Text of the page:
Could do better
It’s the moment in the year when companies get their annual governance school reports—and the verdict is improvement has been made but there really is still a lot of work to be done.
The Financial Reporting Council (FRC), the UK’s governance watchdog, reports progress on transparency and insight in their disclosures. But there are things to improve.
Reporting on internal controls and risk assessment (about to be placed under a spotlight in a refreshed corporate governance code) has seen little improvement year-on-year. Some companies do well but a “majority” do not. Those companies, the FRC says “fail to demonstrate that sufficiently robust systems, governance and oversight are operating effectively.”
There’s also too much ‘boilerplate” reporting which falls short of stakeholder expectations (twas ever thus).
One positive is that many more companies are being transparent in why they depart from the code (it is, after all, a comply-or-explain code, not comply or be damned) and some reports are beginning to reflect some sterling work on workforce engagement (about time). This seems to pay off most when companies talk to their employees about culture, purpose and values.
Mark Babington , the FRC’s executive director of regulatory standards, says companies need to provide stakeholders with “genuine insight” into governance outcomes.
“This is essential to properly apply the code’s principles and the spirit of ‘comply or explain’. Good corporate governance disclosure builds trust and understanding, and is not just a compliance exercise.”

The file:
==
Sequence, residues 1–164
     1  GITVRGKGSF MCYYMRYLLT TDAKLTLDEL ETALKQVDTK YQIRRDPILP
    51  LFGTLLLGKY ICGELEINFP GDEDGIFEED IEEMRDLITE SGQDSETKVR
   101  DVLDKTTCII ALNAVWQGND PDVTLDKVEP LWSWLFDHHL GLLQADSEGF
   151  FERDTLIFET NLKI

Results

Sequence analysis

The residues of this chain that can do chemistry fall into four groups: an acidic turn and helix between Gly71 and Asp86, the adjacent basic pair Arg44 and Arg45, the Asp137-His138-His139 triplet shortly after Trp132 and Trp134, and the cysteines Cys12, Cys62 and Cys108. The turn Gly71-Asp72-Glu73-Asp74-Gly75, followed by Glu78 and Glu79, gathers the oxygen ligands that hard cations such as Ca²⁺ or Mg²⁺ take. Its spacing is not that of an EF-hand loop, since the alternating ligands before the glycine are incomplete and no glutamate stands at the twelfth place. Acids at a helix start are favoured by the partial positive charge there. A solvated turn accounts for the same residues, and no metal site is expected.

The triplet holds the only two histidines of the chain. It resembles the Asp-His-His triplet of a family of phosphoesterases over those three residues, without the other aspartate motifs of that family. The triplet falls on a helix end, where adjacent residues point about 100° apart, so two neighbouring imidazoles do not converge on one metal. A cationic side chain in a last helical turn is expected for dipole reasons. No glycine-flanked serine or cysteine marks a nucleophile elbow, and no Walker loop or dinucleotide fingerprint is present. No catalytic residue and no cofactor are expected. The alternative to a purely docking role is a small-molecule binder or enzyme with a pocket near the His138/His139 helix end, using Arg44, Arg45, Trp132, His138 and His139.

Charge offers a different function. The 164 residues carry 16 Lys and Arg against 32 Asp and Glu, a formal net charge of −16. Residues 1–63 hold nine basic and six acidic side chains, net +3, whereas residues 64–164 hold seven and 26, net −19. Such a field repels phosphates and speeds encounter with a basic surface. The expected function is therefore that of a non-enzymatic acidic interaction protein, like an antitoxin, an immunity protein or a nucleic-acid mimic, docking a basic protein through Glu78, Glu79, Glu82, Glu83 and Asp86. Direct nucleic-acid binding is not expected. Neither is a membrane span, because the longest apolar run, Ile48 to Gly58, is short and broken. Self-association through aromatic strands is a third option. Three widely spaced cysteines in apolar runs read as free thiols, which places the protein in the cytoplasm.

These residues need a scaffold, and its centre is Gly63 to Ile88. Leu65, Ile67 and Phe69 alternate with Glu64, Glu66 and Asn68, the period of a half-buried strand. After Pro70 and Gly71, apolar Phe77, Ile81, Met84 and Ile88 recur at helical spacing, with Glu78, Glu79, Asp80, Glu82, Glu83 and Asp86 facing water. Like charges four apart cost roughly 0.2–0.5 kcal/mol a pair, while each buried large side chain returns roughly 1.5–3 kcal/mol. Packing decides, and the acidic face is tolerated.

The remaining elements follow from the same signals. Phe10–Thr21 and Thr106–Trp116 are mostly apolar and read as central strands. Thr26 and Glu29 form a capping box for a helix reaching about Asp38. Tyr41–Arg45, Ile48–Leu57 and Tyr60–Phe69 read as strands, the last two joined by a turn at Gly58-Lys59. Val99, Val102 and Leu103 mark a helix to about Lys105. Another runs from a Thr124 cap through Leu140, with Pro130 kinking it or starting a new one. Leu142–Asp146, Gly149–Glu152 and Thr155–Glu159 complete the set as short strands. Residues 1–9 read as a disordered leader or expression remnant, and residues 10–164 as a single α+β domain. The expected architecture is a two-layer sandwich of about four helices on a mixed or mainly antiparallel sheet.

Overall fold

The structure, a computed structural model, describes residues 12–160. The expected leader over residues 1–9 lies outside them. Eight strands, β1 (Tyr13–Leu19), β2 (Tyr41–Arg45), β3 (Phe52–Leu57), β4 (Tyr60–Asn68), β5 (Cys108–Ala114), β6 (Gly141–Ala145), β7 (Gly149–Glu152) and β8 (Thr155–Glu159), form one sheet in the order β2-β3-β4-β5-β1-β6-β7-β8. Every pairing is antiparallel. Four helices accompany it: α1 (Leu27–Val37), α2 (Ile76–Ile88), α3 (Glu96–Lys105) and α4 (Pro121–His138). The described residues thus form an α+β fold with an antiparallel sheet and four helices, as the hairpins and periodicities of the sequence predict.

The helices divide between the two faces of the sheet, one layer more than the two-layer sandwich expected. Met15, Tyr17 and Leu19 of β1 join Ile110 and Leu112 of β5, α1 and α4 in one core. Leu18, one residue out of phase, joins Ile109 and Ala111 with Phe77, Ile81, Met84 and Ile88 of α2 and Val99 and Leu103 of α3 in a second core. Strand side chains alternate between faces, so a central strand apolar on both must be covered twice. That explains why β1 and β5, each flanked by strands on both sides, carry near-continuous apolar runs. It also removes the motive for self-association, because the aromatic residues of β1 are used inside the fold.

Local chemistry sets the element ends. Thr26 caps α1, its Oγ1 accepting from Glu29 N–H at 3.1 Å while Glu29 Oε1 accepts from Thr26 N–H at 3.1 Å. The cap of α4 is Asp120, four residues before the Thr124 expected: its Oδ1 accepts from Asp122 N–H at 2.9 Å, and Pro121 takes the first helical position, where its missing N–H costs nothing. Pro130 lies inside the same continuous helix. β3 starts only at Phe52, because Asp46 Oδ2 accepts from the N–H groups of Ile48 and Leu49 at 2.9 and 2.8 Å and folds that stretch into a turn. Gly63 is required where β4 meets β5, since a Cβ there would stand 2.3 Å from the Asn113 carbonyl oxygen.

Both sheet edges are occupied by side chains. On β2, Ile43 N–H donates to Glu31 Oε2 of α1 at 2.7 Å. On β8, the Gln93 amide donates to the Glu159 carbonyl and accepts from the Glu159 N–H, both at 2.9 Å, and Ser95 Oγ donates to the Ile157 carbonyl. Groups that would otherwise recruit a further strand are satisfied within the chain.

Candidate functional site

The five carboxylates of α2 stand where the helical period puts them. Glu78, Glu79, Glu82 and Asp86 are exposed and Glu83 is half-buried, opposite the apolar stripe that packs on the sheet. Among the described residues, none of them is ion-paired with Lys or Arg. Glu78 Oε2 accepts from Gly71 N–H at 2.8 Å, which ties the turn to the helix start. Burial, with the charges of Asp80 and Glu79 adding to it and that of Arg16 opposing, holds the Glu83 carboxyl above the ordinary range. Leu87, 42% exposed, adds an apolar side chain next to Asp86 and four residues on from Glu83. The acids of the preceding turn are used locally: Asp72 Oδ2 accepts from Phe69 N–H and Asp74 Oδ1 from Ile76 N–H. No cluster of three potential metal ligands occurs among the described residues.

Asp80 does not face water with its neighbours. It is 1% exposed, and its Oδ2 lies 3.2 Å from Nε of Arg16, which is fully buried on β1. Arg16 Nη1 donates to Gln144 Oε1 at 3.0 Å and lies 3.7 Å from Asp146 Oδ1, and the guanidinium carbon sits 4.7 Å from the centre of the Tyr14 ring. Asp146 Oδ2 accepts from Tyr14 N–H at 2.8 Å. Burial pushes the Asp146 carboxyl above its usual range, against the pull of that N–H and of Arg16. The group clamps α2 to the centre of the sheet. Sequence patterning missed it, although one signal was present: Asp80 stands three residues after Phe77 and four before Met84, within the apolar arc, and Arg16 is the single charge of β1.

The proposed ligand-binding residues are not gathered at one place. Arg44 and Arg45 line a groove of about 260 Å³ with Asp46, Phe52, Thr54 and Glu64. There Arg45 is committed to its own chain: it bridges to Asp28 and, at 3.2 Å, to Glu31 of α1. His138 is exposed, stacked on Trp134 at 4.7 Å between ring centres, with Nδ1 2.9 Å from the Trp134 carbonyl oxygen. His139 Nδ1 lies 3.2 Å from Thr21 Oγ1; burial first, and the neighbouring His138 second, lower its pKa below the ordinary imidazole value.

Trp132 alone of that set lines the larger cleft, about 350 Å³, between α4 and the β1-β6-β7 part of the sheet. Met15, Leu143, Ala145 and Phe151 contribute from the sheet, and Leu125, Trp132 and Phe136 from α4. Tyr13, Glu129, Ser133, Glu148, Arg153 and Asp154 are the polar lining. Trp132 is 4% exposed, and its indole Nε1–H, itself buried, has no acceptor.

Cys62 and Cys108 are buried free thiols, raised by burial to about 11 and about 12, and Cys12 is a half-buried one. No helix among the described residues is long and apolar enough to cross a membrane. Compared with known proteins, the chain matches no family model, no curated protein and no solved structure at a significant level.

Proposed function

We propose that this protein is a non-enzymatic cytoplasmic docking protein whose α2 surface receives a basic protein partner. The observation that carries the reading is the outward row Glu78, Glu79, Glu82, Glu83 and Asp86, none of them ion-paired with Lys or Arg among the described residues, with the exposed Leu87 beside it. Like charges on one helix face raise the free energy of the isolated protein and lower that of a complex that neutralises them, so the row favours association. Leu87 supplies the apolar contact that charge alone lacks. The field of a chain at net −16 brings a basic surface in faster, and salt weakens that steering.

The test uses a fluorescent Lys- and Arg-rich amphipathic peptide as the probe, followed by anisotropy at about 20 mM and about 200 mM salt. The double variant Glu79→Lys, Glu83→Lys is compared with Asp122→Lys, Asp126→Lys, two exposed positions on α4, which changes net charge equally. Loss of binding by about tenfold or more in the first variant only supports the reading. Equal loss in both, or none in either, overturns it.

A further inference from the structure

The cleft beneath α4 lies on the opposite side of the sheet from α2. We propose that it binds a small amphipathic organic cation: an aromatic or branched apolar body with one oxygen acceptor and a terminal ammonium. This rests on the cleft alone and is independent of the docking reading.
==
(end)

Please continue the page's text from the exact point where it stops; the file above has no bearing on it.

The whole thing reminds Board Agenda of a school report that said: “a bright student, must spend less time gazing through the window while in class”. Wish we’d listened.
A word in your shell-like
We move on to Shell, or rather the energy company’s battle with environmental campaign group ClientEarth and its claim that company directors failed in their duties under the Companies Act “by failing to adopt and implement an energy transition strategy that aligns with the Paris Agreement”.
The derivative claim was refused permission to go ahead by the High Court. And this week, the Court of Appeal refused to hear the claim.
ClientEarth, as you can imagine, is “deeply disappointed”. Senior lawyer Paul Benson had a warning.
“The High Court confirmed that corporate directors have a duty to manage climate risk, which is significant in itself. While this claim did not pass procedural hurdles, the legal risk facing boards is still very real.” Better keep the law firm’s number handy.
Women are underrepresented in CEO roles, in part because they are off work at the time when their careers are most likely to take off, according to new research.
Matti Keloharju, a prof at Aalto University school of Business in Finland, found that time off work, usually to have a child, explains perhaps a quarter of the gender differences in CEO appointments.
Prof Keloharju says the “gap” in achievement between men and women does ease. But not quickly. “The gap narrows as the children grow up but does not return to pre-childbirth levels during the 10 years following the birth of the first child.” Ten years? Words fail us.